you specify. Don't worry, that's easier to set up than it sounds: you can create a rule to allow everything signed by a particular publisher, so choose Microsoft, say, and that one rule will let 
you run all signed Microsoft applications. Launch GPEDIT.MSC and go to Computer Configuration > Windows Settings > Security Settings > Application Control Policies >
AppLocker to get a feel for how this works.

7. Calculate more:At first glance the Windows 7 calculator looks just like Vista's version, but explore the Mode menu and you'll see powerful new Statistics and Programmer views. And if you're clueless about bitwise manipulation, then try the Options menu instead. This offers many different unit conversions (length, weight, volume and more), date calculations (how many days between
two dates?), and spreadsheet-type templates to help you calculate vehicle mileage, mortgage
rates and more.

Don't take any Windows 7 applet at face value, then - there are some very powerful new features hidden in the background. Be sure to explore every option in all Windows applets to ensure you don't miss anything important.CALCULATE MORE: The new Calculator is packed with useful features and functionality

8. Switch to a projector :Windows 7 now provides a standard way to switch your display from one monitor to another, or a projector - just press Win+P or run DisplaySwitch.exe and choose your preferred display. (This will have no effect if you've only one display connected.)

9. Get a power efficiency report :If you have a laptop, you can use the efficiency calculator to get Windows 7 to generate loads of useful information about its power consumption. Used in the right way, this can help you make huge gains in terms of battery life and performance. To do this you must open a command prompt as an administrator by typing 'cmd' in Start Search, and when the cmd icon
appears, right-click it and choose Run as administrator.

Windows 7

Then at the command line, just type in 'powercfg -energy' (without quotes) and hit Return, and
Windows 7 will scan your system looking for ways to improve power efficiency. It will then
publish the results in an HTML file, usually in the System32 folder. Just follow the path it gives
you to find your report.

10. Understanding System Restore :Using System Restore in previous versions of Windows has been something of a gamble. There's no way of telling which applications or drivers it might affect - you just have to try it and see.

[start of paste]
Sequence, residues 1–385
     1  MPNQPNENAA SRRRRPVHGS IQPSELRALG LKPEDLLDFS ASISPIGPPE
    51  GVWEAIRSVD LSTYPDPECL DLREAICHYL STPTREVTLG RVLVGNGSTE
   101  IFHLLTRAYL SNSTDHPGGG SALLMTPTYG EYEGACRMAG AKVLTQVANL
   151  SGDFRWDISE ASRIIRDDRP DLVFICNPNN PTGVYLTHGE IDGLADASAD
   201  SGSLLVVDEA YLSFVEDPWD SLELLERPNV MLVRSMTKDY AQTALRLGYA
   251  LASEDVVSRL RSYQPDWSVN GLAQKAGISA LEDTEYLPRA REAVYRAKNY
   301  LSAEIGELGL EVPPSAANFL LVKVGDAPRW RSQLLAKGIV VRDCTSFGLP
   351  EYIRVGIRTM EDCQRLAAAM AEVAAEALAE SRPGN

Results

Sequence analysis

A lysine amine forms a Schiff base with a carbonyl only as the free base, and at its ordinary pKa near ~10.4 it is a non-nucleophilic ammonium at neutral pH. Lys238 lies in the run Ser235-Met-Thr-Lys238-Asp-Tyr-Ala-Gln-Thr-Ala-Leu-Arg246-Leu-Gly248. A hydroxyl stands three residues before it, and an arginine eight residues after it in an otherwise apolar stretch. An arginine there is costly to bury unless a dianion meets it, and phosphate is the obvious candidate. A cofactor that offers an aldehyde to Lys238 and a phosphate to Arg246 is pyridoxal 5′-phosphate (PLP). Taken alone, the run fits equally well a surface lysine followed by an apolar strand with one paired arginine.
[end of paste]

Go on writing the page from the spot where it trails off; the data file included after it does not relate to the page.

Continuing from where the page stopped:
Windows 7 is different. Right-click Computer, select Properties > System Protection > System
Restore > Next, and choose the restore point you'd like to use. Click the new button to 'Scan
for affected programs' and Windows will tell you which (if any) programs and drivers will be
deleted or recovered by selecting this restore point. (Read our full Windows 7 System Restore

11. Set the time zone: System administrators will appreciate the new command line tzutil.exe utility, which lets you set a PC's time zone from scripts. If you wanted to set a PC to Greenwich Mean Time, for instance, you'd use the command
tzutil /s "gmt standard time"

The command "tzutil /g" displays the current time zone, "tzutil /l" lists all possible time zones,
and "tzutil /?" displays details on how the command works.

12. Calibrate your screen: The colours you see on your screen will vary depending on your monitor, graphics cards settings, lighting and more, yet most people use the same default Windows colour profile. And that means a digital photo you think looks perfect might appear very poor to everybody else. Fortunately Windows 7 now provides a Display Colour Calibration Wizard that helps you properly set up your brightness, contrast and colour settings, and a ClearType tuner to ensure text is crisp and sharp. Click Start, type DCCW and press Enter to give it a try.

13. Clean up Live Essentials: Installing Windows Live Essentials will get you the new versions of Mail, Movie Maker, Photo Gallery and others - great. Unfortunately it also includes other components that may be unnecessary, but if you like to keep a clean system then these can be quickly removed.If you left the default "Set your search provider" option selected during installation, for
instance, Windows Live will install Choice Guard, a tool to set your browser home page and search engine, and prevent other programs from changing them. If this causes problems later, or you just decide you don't need it, then Choice Guard may be removed by clicking Start, typing msiexec /x and pressing [Enter].